With V5 coming out, and, frankly, the amount of money Paradox were putting behind its launch, has resulted in a big relaunch of Vampire.

There is a misnomer in people’s minds that Vampire: The Masquerade’s revised edition, or 3rd edition as it is known now, was a rip-roaring success.  The reason that Vampire: The Requiem came into being was because Vampire: The Masquerade’s sales were dwindling.  V20 uplifted that and in a very effective way.

With V5, and having worked with Modiphius I can speak with veracity on this, it has been quite surprising to us at how popular the book has been.  We have even had wargame stores ordering Vampire: The Masquerade, and they do not even order Dungeons & Dragons.  V5 is international.

There was an unfortunate reaction to some of the content in the V5 books

I wrote up the clans in V5, and suggested that some of the Brujah might come from right-wing camps.  Was than an invitation to play alt-right Brujah?  Absolutely not.  If someone wanted to play a Nazi at my table, I would ask them to write a new character or leave, as I have no interest in running a game for anyone playing a Nazi.  It is just not fun in my mind.

I believe in the World of Darkness, which is our world but darker, that far-right elements exist.  Would the Brujah – a clan of impassioned philosophers and politicos – embrace right-wing humans? Yes.  Is that nice? No.  Do you have to play them? Definitely not.  Can they be antagonists? Absolutely.  Any excuse to beat up a Nazi in a roleplaying game is perfectly fine.

There are some things you can attempt to justify, there are somethings you can only apologise for, and there are somethings that you have to replace because they are poor.  Whilst I think there have been mistakes, with people being too slow to act, and that sometimes they have been too reactionary.  It is a fine line to tread, especially when you are a young company like White Wolf were.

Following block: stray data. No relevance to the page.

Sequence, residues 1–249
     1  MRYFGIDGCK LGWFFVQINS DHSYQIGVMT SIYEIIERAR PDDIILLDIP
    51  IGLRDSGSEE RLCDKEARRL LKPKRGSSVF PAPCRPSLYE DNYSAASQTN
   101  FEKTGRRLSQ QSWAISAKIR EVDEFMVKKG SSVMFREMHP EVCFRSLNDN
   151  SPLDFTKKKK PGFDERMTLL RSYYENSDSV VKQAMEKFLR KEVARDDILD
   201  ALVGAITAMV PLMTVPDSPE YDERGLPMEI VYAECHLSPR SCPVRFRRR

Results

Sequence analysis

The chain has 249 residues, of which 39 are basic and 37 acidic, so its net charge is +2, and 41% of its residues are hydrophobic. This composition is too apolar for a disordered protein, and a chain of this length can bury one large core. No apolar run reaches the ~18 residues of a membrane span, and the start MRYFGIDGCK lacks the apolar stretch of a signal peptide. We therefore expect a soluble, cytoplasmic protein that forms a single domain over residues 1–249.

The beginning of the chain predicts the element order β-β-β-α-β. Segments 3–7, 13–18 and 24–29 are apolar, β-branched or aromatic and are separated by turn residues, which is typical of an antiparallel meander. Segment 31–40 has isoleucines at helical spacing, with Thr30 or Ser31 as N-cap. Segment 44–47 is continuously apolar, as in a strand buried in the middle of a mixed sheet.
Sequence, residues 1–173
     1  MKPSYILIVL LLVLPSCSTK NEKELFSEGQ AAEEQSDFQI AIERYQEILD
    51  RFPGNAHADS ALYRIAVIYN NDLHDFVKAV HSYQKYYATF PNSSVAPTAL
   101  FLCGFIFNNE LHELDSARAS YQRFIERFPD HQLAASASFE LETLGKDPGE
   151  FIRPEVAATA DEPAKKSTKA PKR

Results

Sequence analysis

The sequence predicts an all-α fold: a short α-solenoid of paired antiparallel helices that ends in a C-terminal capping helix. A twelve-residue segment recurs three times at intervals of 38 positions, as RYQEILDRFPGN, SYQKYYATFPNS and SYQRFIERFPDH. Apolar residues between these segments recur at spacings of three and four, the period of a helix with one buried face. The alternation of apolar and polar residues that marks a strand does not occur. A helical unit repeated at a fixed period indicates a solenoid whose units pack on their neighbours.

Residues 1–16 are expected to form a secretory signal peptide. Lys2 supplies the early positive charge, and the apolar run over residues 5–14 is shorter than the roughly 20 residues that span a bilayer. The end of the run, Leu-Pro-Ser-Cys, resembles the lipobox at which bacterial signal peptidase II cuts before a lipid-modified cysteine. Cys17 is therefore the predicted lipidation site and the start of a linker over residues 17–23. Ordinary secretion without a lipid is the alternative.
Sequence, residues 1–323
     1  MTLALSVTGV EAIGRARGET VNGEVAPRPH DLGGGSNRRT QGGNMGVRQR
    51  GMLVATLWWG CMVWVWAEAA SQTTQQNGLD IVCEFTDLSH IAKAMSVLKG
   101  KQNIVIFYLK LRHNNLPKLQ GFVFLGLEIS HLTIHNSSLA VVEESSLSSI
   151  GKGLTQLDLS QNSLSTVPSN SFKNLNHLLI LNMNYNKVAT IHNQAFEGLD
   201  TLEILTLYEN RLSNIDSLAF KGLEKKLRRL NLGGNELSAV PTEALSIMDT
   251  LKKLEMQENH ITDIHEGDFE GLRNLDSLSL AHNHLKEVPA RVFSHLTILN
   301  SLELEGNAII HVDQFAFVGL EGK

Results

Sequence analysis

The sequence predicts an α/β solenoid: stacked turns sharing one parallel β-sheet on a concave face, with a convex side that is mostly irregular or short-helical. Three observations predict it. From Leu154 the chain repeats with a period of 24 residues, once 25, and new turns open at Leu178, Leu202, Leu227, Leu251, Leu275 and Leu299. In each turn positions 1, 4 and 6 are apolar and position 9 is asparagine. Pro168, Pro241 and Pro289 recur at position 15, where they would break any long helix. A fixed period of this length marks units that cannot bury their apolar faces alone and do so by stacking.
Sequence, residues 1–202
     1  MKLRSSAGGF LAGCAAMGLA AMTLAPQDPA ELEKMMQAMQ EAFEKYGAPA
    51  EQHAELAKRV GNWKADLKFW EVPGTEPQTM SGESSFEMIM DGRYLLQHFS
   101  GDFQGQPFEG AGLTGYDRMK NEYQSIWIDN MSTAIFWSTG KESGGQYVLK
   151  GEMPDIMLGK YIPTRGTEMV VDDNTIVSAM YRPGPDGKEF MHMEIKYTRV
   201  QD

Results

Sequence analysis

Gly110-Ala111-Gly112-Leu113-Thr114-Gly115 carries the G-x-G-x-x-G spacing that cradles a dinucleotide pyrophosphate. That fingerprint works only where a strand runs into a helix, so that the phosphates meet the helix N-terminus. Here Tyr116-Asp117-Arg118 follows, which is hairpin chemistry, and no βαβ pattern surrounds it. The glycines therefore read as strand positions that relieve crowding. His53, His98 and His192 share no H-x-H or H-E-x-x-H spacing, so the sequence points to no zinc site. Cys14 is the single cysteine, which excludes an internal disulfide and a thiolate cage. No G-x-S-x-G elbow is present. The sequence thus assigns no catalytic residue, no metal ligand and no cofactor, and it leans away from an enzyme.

That is not making an excuse for them, because they definitely had lessons to learn.  They didn’t act perfectly at all times, but that is partly why Paradox Interactive are now saying “We’ve done our bit, this has been our plan all along”, and I think they can do that without any regrets.

One of the things that Onyx Path does really well is communication.  Why does Onyx Path make such a point of being transparent?

We think it is very useful that our customers know what we are doing.  We release something new every Wednesday without fail, even if it is something small like a t-shirt.  It is just simply keeping our customers updated.

Another reason is that it’s pragmatic.  We know that our books are not available in store.  Scion will be our first game available in retail stores.  It is our first game we are properly pushing in that way, but we know that people need to be reminded of our existence.